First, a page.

DI does lazy-loading very poorly (just look at the amount of wrapper/plumbing you have to write for one component above). Now picture doing that for every screen in a mobile app (ours has ~30 screens and it's quite a trivial, minimal app for our problem domain). That's not to even mention whether you actually WANT to pull all the lifetime management into a single component - what could easily be seen as a break in Cohesion for logic belonging to the various sub-components. In web this doesn't really matter as the lifetime is usually all or nothing - it's either a singleton/per-request or per-instance. The request provides the full scoping needed for most processing. But in rich-client the lifetimes need to be finely managed based on screen navigation, user action and caching or memory constraints. Sub-components need to get loaded in and out dynamically in a lot more complex a manner than singletons or per-user-session. Again pulling this fine-tuned logic into a shared, centralized component is highly questionable - even if it was easily doable, which it's not.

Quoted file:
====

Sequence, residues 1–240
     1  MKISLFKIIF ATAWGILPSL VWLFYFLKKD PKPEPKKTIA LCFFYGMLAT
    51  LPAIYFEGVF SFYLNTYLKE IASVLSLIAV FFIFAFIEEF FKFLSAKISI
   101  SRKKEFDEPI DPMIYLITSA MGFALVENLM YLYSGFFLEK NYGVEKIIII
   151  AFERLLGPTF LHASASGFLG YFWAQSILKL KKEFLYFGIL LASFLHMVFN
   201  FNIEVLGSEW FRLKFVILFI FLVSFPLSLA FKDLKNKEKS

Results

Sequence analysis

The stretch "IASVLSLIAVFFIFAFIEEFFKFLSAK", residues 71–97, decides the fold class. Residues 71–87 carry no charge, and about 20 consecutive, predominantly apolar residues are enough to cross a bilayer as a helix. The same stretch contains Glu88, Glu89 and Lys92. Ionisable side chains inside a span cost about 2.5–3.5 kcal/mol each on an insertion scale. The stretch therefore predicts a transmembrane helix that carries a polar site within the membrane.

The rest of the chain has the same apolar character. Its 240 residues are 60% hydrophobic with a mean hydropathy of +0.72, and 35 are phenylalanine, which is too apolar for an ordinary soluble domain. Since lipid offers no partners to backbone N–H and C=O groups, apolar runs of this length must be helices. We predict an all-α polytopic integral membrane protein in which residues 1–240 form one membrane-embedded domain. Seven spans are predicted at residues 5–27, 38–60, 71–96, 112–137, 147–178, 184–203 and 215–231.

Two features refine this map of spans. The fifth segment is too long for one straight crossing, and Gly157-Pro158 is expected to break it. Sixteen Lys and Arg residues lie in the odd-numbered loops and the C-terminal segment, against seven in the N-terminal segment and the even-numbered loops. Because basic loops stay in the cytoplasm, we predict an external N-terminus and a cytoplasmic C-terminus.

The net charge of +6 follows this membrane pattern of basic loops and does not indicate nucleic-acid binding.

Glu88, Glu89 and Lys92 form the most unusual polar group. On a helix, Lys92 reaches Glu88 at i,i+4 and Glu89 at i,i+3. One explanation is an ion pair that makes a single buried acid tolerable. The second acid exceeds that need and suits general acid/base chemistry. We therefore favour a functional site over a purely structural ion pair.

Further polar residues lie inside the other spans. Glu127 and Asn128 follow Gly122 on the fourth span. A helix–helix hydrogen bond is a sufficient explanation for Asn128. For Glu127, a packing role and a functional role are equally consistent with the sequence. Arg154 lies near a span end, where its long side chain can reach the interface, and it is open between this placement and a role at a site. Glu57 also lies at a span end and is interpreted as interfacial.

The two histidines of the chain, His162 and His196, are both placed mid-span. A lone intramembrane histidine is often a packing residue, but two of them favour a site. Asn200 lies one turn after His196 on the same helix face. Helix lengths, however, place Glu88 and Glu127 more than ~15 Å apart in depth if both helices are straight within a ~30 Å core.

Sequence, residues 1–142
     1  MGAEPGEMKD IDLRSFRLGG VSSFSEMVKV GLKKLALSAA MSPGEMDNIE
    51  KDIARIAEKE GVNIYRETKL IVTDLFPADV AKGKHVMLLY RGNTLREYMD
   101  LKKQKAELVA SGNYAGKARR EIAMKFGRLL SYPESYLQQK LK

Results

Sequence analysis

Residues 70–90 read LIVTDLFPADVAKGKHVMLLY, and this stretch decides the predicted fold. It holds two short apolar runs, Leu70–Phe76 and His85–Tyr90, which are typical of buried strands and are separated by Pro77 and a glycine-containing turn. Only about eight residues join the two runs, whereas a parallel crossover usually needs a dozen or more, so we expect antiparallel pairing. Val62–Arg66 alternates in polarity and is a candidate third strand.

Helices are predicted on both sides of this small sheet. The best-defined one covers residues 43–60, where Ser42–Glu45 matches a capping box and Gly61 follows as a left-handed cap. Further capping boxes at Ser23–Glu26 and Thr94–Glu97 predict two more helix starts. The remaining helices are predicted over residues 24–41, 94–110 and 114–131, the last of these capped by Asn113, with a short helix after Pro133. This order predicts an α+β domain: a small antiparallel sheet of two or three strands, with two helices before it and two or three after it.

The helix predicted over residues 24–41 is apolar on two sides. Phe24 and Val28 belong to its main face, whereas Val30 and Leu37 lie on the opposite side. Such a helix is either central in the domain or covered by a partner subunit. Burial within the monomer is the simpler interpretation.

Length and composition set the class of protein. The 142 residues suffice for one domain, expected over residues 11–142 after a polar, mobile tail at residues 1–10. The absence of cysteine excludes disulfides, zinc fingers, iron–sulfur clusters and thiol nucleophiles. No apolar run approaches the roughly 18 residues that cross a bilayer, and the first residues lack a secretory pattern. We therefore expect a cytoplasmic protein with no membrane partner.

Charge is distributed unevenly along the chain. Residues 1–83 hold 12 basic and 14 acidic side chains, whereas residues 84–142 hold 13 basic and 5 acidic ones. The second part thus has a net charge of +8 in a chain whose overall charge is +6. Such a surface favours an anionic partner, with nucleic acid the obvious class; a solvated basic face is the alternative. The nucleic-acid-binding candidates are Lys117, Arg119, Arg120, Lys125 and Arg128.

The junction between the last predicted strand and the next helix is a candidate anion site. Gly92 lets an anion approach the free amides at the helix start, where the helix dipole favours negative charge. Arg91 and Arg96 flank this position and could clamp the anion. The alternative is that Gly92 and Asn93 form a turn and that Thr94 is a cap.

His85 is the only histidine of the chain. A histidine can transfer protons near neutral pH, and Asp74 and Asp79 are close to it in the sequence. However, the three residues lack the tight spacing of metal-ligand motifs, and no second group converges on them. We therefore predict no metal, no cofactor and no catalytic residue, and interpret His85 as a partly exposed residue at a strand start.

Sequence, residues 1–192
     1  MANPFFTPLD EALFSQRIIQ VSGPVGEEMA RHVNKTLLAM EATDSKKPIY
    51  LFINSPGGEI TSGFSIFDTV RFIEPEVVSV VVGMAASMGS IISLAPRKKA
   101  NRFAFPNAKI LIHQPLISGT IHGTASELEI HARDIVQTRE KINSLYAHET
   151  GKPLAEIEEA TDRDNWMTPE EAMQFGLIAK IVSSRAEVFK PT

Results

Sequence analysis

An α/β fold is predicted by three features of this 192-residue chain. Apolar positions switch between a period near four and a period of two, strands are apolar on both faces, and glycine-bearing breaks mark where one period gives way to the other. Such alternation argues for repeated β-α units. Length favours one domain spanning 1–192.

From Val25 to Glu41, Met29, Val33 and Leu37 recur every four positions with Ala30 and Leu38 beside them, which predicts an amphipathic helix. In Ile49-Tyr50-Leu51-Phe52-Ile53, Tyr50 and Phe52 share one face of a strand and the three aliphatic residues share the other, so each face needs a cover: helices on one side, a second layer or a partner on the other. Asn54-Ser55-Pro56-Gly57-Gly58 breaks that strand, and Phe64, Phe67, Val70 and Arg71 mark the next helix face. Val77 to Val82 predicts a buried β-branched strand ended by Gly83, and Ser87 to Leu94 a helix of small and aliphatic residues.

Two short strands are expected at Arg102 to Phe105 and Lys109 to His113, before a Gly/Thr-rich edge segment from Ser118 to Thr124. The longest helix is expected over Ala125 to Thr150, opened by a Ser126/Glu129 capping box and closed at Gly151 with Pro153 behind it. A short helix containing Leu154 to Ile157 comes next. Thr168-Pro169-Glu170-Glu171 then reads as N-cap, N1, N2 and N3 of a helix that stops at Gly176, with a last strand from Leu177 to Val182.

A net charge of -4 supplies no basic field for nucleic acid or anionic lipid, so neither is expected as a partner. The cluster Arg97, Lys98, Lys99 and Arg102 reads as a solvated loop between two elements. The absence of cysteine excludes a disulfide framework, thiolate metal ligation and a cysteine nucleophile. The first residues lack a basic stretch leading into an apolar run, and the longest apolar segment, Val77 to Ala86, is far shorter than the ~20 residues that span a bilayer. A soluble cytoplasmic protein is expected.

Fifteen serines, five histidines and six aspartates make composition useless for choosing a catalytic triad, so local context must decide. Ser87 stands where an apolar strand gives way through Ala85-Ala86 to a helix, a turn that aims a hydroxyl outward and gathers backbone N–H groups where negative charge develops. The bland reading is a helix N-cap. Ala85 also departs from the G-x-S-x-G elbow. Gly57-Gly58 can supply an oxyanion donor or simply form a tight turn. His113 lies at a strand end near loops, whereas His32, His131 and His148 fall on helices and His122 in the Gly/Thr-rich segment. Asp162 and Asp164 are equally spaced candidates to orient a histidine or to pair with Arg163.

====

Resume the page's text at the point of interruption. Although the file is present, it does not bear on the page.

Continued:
I won't go into alternatives here (perhaps that's the subject of a post I should write up), but service location and manual instantiation ends up being a much preferable approach in these kinds of long-running application scenarios. Testability can be achieved in other, possibly simpler ways ( if that's the driving concern.